Helping Africa’s farmers stop crop-destroying pests with space-based technology
CABI is leading a consortium funded by the UK Space Agency’s International Partnership Programme (IPP) to develop a Pest Risk Information Service (PRISE), using state-of-the-art technology to help inform farmers in sub-Saharan Africa of pest outbreaks that could devastate their crops and livelihoods. The service is active in Kenya, Ghana and Zambia, and was formally launched in December 2017 at the British High Commissioner’s Residence in Lusaka, Zambia.
Plantwise data, along with earth observation and crowdsourcing data, are being used to spearhead the fight against pests that devastate an estimated 40% of the world’s crops. The project will help farmers fight back against potentially disastrous pests such as the fall armyworm.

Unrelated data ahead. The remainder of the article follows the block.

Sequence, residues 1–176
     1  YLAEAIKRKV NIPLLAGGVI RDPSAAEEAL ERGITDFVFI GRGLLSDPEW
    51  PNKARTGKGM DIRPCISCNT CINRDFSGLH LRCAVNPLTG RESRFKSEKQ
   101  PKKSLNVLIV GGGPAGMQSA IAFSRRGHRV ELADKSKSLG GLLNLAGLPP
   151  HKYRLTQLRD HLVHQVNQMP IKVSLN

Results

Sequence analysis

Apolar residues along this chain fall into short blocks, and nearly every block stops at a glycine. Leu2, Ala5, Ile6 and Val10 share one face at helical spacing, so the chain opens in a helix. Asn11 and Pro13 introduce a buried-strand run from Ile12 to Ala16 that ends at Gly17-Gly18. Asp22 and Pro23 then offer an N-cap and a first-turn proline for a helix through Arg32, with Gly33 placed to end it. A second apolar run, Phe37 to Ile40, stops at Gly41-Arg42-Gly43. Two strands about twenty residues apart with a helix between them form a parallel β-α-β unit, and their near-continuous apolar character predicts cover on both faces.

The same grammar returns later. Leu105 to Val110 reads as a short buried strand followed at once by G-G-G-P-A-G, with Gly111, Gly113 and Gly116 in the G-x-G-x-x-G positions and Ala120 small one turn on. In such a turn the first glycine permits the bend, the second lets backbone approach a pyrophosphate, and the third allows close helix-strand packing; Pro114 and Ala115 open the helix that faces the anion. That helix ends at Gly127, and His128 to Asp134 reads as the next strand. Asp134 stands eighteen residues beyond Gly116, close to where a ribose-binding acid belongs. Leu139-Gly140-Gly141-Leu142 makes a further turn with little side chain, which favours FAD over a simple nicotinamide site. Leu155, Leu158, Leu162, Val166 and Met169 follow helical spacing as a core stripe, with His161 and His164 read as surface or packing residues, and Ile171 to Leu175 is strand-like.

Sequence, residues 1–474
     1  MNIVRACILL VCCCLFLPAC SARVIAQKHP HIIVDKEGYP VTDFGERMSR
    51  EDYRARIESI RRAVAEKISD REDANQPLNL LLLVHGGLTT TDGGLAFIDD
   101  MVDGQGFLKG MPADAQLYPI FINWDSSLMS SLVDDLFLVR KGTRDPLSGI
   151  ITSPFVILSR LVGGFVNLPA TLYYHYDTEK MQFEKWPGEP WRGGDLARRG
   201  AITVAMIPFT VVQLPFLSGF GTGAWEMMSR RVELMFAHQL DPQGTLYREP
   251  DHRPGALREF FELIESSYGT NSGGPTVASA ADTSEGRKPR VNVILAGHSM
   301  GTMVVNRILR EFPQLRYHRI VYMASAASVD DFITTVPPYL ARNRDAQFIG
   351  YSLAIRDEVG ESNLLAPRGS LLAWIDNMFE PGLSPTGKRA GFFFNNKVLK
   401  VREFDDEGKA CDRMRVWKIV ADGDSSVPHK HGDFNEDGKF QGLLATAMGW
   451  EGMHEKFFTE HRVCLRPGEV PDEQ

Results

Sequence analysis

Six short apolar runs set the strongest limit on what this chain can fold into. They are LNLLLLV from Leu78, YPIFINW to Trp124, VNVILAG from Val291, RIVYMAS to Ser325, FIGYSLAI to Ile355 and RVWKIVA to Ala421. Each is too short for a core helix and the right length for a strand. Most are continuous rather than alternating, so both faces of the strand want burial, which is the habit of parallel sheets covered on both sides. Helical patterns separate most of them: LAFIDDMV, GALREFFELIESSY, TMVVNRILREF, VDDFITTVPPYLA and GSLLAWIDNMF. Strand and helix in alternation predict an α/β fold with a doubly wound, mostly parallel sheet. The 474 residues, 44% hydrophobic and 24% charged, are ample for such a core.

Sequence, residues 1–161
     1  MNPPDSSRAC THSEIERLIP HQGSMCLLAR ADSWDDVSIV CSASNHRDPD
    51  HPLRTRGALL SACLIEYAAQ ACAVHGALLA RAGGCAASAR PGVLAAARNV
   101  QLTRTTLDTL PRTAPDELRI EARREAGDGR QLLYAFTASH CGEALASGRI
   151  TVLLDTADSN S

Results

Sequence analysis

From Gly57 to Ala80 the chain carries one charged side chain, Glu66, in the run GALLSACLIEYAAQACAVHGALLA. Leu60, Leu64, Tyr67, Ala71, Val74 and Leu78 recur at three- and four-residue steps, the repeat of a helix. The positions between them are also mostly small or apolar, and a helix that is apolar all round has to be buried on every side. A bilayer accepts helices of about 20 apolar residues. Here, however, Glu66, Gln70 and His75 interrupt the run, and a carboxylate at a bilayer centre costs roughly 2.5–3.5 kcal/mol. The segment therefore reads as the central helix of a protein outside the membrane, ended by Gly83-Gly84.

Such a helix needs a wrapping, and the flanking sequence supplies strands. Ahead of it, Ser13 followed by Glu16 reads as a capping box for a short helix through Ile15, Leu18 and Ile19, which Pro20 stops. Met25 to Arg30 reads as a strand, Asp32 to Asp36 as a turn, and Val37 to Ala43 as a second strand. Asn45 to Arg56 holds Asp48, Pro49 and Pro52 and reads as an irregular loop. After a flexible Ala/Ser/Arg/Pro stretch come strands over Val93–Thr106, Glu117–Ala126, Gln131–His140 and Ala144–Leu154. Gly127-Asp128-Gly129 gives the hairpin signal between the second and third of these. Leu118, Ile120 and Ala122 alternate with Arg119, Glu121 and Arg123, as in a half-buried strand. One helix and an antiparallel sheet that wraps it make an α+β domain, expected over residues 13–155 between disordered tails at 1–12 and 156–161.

The technology better places CABI’s Plantwise plant clinics to give timely advice and alerts to farmers in person, and to extension officers by smartphone and tablet, so they can respond more efficiently to the risks posed to their crops. Brian Siame, who runs a Plantwise plant clinic in Zambia, says:
“This application helps me to communicate with other plant doctors who are part of the group. Despite the long distance between us, we regularly share pictures of pests or diseases and help each other diagnose. A good example is when we had the outbreak of Tuta absoluta [tomato pest] and more recently the fall armyworm.”
Fall armyworm’s damage to maize in just 12 African countries could lead to losses of 8.3 to 20.6 million tonnes per year in the absence of control.
“We are delighted to be working with CABI to help transform the lives of farmers in sub-Saharan Africa. The £6.3 million of funding from the UK Space Agency will see CABI provide pest risk predictions in time for farmers to take vital preventive action and thus increase resilience to pest outbreaks.” – Ray Fielding, Head of International Partnership Programme, UK Space Agency